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US Coronavirus: There are two key things that America must now tackle in its Covid-19 vaccination effort



Experts say they saw it coming.

“In the first few months, we caught the part of the population that really wanted these vaccines,” said infectious disease expert Dr. Mati Hlatshwayo Davis to CNN on Saturday. “But now we’ve reached the ‘wait and see’ crowd and the direct ‘I do not want that’ crowd.”

“Vaccine trust needs to be addressed, while access also needs to be addressed,” Davis said. “We need to be … innovative about both culturally competent education and be thoughtful about where the gaps are and where we can get shots in people’s arms.”

Experts, including Dr. Anthony Fauci, estimates that between 70% and 85% of the country must be immune to the virus ̵
1; through vaccination or previous infection – to control its spread. So far, approx. 44% of the US population received at least one Covid-19 vaccine dose, according to data from the Centers for Disease Control and Prevention. More than 31% of the population is fully vaccinated, the data show.
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There are three groups of people who have not yet received a vaccine, said emergency physician Dr. Leana Wen to CNN Saturday. One is generally anti-vaccine and anti-science, Wen said, and not the group that the United States should first target.

“The group we need to target first are those who really want the vaccine but just haven’t had it because they have other things in their lives to worry about,” like throwing more jobs or taking care of older parents or children, she said.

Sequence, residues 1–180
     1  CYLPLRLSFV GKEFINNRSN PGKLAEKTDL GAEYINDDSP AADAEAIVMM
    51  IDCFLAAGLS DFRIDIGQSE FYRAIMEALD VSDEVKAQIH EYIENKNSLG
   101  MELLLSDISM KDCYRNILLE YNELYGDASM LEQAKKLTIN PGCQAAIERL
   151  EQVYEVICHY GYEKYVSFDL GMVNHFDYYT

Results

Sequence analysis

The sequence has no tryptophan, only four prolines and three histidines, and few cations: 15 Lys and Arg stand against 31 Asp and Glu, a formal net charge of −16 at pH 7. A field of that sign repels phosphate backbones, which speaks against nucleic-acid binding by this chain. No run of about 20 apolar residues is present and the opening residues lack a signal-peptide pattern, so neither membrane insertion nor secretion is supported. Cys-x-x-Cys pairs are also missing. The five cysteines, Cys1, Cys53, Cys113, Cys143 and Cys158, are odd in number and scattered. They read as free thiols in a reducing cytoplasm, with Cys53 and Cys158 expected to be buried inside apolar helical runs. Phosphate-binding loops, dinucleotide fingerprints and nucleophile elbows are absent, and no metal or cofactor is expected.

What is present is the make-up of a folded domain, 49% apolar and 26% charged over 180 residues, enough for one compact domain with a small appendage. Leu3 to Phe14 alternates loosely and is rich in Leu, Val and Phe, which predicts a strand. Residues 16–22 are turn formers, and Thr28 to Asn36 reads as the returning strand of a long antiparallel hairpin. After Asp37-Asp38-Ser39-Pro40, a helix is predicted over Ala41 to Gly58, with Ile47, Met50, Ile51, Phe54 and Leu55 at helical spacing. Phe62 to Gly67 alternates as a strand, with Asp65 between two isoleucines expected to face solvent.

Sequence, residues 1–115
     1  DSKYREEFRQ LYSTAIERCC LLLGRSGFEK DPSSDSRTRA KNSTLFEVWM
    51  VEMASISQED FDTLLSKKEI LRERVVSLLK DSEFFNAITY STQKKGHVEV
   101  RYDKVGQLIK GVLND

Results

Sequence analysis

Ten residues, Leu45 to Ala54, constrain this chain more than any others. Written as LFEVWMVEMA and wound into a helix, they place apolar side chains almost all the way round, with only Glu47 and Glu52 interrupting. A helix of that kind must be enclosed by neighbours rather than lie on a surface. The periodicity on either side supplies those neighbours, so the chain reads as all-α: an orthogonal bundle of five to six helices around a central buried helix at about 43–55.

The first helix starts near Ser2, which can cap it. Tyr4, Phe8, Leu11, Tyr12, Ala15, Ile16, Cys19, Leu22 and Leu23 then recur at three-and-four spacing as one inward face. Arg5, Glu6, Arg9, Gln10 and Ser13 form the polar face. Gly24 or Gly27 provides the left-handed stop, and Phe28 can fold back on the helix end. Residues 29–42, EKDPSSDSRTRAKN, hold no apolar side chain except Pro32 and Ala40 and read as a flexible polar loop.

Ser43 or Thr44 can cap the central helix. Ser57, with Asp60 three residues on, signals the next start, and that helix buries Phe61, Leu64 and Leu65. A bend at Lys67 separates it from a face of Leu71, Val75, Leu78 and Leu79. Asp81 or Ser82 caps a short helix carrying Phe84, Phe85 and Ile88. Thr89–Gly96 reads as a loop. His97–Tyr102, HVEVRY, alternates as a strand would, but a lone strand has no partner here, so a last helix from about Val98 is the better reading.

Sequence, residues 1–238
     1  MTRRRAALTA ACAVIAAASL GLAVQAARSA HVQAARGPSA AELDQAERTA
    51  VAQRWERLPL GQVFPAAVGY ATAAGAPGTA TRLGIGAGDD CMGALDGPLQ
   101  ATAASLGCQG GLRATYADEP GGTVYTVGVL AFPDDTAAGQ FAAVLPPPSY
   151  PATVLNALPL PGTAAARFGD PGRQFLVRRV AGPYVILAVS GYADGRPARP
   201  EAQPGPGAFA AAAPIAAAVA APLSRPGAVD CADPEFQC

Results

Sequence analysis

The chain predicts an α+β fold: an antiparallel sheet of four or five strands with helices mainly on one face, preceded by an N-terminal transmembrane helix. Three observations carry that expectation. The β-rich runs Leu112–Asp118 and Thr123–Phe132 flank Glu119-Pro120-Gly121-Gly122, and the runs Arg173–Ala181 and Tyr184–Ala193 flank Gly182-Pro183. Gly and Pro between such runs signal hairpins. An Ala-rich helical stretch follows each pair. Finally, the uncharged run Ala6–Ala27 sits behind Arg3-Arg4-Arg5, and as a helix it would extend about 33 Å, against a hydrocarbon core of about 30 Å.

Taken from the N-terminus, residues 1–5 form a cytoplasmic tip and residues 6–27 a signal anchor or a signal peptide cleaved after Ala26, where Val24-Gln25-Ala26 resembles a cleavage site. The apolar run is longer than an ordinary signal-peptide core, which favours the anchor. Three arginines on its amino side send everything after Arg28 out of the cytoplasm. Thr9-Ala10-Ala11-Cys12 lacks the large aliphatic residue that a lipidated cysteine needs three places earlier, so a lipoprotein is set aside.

“We need to make it really easy for them to get the vaccine. I think we should close mass vaccination sites, redistribute vaccines to doctors’ offices, pharmacies, get public clinics and churches and schools and workplaces,” Wen added.

And there is a group of people who have specific concerns about the vaccines, such as what the side effects might be, Wen said.

“We have to tackle these concerns, ideally by people in their community who changed their minds, who originally thought, ‘I’m worried about the vaccines too, but here’s what changed me.’

Pedestrians pass in front of signs to the Covid-19 vaccination site outside the American Museum of Natural History in New York on April 30, 2021

The United States is still in a race for vaccination

And while it may feel like the United States is slowly smoking out of the pandemic, officials say there is still an ongoing race to vaccinate as many Americans as possible.
Coronavirus deaths are down in the United States, and vaccines may be partly responsible
National Covid-19 cases, hospitalizations and deaths are declining, CDC Director Dr. Rochelle Walensky during a briefing at the White House Covid-19 on Friday.

But the sooner the United States vaccinates more Americans, the greater the country’s opportunity to prevent both the further spread of the virus and the potential for new dangerous varieties.